Does the creation of joint accounts with survivorship rights alter the dispositive provisions of a pre-existing last will and testament?
The question of whether, and under what circumstances, a joint, Totten, or tentative trust in bank deposits can be revoked, either expressly or impliedly, by a written or oral declaration made by the settlor during his lifetime or by the terms of the settlor’s will is often debated among probate litigators and judges. There are few appellate opinions in Florida providing clear guidance for some scenarios. However, Florida and most other states follow the rule adopted by the Restatement of Trusts 2d §58 comments (c) that a tentative trust is revoked by the depositor’s will, if, by its terms, it indicates explicitly or implicitly that the depositor intended to effect such revocation. Litsey v. First Federal Sav. & Loan Association 243 So.2d 239 (Fla. DCA 1971) (recognizing rule.)
An interesting case dealing with this complicated issue recently surfaced in the Pennsylvania court system in Estate of Amelia J. Piet, 2008 Pa.Super. 72, 949 A.2d 886 (2008). The facts of this case were as follows:
In 1978 Edward A. Piet and Amelia J. Piet [hereinafter referred to as “Decedent”), husband and wife, executed reciprocal wills. The Wills provided that upon the death of the first spouse, the entirety of the deceased spouse’s estate would pass to the surviving spouse in fee simple. Amelia’s Will provided, in relevant part, that in the event her husband predeceased her, “all the real and personal property to which [decedent] may be entitled or over which [decedent] may have disposing power at the time of [her] decease” was to pass to her four children — Mary Piet Black, Edward J. Piet, Jr., Ann L. Ball, Dennis J. Piet — “in equal shares…absolutely” and that Edward and Ann would serve as co-executors. 1986, Edward A. Piet passed away and his entire estate was bequeathed to the Decedent. Shortly thereafter, Decedent was crippled with various illnesses. Mary, who had a background as a medical secretary, assisted Decedent with her medical needs. Edward, an employee of Conrail railroad, helped Decedent administer her deceased husband’s Conrail IRA account. Ann, who had worked in banking for several years, conducted Decedent’s financial affairs.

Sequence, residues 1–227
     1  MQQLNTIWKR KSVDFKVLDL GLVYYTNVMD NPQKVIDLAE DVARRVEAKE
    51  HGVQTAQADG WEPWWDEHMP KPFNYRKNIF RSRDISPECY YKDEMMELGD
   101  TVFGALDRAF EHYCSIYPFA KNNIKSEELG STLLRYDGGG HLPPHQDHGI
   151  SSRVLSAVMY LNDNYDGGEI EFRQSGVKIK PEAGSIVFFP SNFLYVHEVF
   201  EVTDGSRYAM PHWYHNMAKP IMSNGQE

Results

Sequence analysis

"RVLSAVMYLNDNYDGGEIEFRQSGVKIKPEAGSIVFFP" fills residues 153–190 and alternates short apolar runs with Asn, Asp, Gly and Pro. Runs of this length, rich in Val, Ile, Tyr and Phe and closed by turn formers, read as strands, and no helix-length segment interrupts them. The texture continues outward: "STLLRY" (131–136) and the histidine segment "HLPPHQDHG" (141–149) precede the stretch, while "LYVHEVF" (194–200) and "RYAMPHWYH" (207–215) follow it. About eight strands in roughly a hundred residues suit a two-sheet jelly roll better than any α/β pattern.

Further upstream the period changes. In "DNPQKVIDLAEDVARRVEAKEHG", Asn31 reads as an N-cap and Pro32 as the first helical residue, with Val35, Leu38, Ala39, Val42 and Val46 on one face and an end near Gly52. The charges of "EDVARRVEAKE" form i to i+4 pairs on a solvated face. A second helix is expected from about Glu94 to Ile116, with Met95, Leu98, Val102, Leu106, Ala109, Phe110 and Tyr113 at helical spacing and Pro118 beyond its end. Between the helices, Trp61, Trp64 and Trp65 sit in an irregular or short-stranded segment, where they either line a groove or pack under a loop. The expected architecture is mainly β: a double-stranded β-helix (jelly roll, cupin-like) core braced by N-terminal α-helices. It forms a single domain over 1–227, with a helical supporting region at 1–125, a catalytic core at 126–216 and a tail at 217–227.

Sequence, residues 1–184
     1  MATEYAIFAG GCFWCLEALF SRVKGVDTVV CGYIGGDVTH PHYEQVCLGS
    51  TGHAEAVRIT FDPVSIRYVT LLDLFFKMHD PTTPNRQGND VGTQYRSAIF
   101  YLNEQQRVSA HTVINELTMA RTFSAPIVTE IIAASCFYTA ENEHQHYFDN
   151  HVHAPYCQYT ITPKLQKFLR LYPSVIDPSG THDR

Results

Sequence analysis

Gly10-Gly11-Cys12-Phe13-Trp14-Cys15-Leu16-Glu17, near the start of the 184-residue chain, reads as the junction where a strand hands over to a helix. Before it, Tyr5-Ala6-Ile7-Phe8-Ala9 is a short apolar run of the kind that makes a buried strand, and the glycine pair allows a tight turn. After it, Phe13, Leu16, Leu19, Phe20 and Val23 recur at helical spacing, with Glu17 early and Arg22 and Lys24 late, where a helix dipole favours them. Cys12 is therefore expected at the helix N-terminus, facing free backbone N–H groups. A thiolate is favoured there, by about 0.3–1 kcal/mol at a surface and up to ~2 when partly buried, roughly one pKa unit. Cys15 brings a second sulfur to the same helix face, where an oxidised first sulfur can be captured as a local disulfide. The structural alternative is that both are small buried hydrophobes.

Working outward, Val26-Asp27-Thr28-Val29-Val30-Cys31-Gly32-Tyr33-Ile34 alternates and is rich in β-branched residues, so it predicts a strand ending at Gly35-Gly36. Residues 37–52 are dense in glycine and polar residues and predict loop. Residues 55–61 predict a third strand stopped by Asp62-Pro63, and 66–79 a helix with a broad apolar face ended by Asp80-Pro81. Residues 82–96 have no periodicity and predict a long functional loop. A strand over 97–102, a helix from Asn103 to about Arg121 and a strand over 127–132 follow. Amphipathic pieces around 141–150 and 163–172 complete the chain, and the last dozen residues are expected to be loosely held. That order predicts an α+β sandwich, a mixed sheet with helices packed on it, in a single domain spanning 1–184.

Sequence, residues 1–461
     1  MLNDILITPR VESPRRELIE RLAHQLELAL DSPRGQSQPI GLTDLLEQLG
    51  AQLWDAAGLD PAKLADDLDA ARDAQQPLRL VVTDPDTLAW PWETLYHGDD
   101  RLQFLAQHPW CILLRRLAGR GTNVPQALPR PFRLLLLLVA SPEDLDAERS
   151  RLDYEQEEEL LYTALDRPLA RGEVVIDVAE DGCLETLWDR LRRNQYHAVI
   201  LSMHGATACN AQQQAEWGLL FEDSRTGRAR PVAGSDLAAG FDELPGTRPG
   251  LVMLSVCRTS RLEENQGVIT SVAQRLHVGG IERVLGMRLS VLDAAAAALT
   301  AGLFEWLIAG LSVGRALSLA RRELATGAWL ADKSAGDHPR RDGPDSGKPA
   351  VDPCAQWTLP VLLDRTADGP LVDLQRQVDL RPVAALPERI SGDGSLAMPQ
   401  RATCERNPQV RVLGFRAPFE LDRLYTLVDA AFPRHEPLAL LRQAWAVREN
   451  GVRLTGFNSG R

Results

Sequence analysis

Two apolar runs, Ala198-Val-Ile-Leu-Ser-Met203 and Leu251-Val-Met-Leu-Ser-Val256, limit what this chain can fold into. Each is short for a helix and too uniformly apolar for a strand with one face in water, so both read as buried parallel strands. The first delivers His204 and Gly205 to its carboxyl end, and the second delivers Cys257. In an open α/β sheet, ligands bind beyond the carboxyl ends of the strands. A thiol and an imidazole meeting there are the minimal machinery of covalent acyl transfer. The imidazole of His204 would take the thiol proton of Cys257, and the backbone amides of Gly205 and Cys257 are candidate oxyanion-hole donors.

During the course of the Decedent’s illness, the attorney who drafted the Decedent’s 1978 Will contacted her by letter asking her whether any circumstances had arisen since 1978 which would necessitate changes in the Decedent’s estate plan. She did not change her Will. Amelia died in 2004 and an inventory of her estate was filed listing a total of $19,899.37 in assets. After a petition to remove the personal representatives (Edward and Ann) was filed, they filed a supplemental inventory which listed a total of $98,400.57 in assets. Subsequently, they filed another inventory listing a total of $77,045.56 in liquid assets. As expected, these inconsistent inventories invited a lawsuit in the probate court brought by the other two children.
The basis of the probate lawsuit was that the personal representatives acted improperly by refusing to include the proceeds of ten different joint accounts, which were listed in the inheritance tax return, as part of the Decedent’s estate. (The total value of these accounts was $177,239.27, a sum representing the bulk of the decedent’s estate.) Importantly, eight of the accounts were jointly titled in Decedent and Ann’s names, and the remaining two accounts were jointly titled in Decedent’s and Edward’s names.